Clifton Parker of RR 1, Union, is at work loosening the rich soil in his tobacco greenhouses in March 1974. The next process was to steam the soil to kill all fungus and weeds before the tobacco plants are started. Mr. Parker had 140 acres on top of Lake Erie's cliffs devoted to tobacco, potatoes and livestock.
St. Thomas Times-Journal fonds, C8 Sh2 B2 F5 32.
March: Preparing the Greenhouse
Tobacco seedlings must be started in the greenhouse in order to make certain the harvest comes in before the frost in the fall. 1-2 inches of "black muck", retrieved from local swamp lands, are spread on the seedling beds and sterilized with chemicals (now the more popular method) or by steaming, to kill any weeds. After it has been sterilized, the muck is thoroughly worked and levelled by raking, leaving it ready to be seeded. Prior to seeding, the muck beds are prepared with a fertilizer high in booster phosphates. Seeding takes place during the last week of March or the first days of April. Two ounces of tobacco seeds will supply plants for 20 to 30 acres on average. The seedling beds must be kept damp until the plants have developed a root system.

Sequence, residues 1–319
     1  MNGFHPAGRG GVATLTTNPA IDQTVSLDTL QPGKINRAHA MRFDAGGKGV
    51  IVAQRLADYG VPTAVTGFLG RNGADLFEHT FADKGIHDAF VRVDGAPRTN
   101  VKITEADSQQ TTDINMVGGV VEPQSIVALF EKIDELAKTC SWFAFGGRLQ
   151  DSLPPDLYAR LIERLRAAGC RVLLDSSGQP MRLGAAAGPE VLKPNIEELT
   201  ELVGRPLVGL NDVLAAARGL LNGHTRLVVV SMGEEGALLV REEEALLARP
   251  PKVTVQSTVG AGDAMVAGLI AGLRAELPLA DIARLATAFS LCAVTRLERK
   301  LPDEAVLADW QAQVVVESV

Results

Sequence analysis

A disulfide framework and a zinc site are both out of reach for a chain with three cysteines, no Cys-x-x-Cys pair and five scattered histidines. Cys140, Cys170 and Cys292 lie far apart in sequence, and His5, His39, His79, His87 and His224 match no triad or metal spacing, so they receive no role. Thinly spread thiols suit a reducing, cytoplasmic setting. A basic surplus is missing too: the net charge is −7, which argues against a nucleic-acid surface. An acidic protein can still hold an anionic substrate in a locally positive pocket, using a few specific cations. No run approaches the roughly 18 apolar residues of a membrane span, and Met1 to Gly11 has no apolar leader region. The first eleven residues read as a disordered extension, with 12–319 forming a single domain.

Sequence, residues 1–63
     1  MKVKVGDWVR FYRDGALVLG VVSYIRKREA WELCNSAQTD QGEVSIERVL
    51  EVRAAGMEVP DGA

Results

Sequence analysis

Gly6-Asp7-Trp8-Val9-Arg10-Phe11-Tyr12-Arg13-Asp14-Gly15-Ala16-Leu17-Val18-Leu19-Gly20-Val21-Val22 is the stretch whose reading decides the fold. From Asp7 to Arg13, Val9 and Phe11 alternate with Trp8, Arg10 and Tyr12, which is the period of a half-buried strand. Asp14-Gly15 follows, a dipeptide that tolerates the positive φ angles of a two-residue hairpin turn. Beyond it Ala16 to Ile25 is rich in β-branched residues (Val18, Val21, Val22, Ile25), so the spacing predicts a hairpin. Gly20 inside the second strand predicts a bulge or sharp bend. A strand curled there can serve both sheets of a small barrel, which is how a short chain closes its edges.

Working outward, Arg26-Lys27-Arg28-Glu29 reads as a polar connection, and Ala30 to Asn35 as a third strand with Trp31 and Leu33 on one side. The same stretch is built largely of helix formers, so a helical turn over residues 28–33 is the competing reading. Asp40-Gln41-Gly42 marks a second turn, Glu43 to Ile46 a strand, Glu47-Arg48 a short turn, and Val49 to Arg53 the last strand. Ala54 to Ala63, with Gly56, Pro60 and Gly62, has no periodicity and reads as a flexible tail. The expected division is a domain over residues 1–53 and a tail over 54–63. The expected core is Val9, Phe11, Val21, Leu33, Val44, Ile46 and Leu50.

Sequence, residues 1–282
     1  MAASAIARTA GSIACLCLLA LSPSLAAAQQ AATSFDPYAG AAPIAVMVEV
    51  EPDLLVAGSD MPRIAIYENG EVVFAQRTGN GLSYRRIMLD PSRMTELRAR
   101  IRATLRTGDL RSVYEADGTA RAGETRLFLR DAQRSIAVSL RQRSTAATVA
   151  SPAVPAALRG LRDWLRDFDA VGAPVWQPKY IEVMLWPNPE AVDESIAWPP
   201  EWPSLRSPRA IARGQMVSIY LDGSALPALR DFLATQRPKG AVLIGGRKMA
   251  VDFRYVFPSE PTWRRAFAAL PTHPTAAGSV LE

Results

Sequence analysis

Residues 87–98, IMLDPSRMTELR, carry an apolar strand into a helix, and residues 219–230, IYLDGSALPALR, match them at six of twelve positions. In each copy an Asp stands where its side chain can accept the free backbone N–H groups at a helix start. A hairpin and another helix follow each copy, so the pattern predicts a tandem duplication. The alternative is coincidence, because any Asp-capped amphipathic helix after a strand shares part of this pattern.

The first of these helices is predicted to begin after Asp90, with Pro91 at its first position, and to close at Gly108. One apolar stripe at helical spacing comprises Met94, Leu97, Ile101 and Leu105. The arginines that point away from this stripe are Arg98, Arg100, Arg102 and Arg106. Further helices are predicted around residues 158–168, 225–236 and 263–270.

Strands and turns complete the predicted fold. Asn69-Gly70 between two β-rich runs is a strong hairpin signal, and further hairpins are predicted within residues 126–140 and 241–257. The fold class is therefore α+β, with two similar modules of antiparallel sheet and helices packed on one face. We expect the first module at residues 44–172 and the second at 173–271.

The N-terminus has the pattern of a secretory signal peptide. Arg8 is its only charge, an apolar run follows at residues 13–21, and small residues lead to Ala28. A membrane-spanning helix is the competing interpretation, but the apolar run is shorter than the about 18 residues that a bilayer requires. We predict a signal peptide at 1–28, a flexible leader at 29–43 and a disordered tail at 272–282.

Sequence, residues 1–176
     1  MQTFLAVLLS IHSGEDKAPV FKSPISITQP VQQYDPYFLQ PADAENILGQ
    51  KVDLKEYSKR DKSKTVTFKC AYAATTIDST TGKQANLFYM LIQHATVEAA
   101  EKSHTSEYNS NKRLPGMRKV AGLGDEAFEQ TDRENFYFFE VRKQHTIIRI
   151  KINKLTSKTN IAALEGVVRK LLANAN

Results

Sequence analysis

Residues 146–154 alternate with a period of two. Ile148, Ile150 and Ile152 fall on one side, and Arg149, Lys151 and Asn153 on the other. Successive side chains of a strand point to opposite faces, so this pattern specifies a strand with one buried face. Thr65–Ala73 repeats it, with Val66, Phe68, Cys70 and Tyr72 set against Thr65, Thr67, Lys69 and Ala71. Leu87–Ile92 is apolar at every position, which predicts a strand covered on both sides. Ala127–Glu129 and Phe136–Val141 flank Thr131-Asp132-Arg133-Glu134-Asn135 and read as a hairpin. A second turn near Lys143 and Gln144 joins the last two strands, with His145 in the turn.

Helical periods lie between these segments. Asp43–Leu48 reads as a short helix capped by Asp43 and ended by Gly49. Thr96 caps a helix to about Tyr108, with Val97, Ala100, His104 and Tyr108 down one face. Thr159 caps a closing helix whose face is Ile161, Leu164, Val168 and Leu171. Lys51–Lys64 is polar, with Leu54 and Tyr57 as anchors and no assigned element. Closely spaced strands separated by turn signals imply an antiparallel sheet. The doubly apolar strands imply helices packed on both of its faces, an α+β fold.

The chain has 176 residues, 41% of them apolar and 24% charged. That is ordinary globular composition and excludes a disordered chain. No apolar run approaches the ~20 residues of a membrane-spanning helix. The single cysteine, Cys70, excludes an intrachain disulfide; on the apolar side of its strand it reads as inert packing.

Elgin County :
- In The Field
- Into the Kiln
- Crop Damage
- The Workers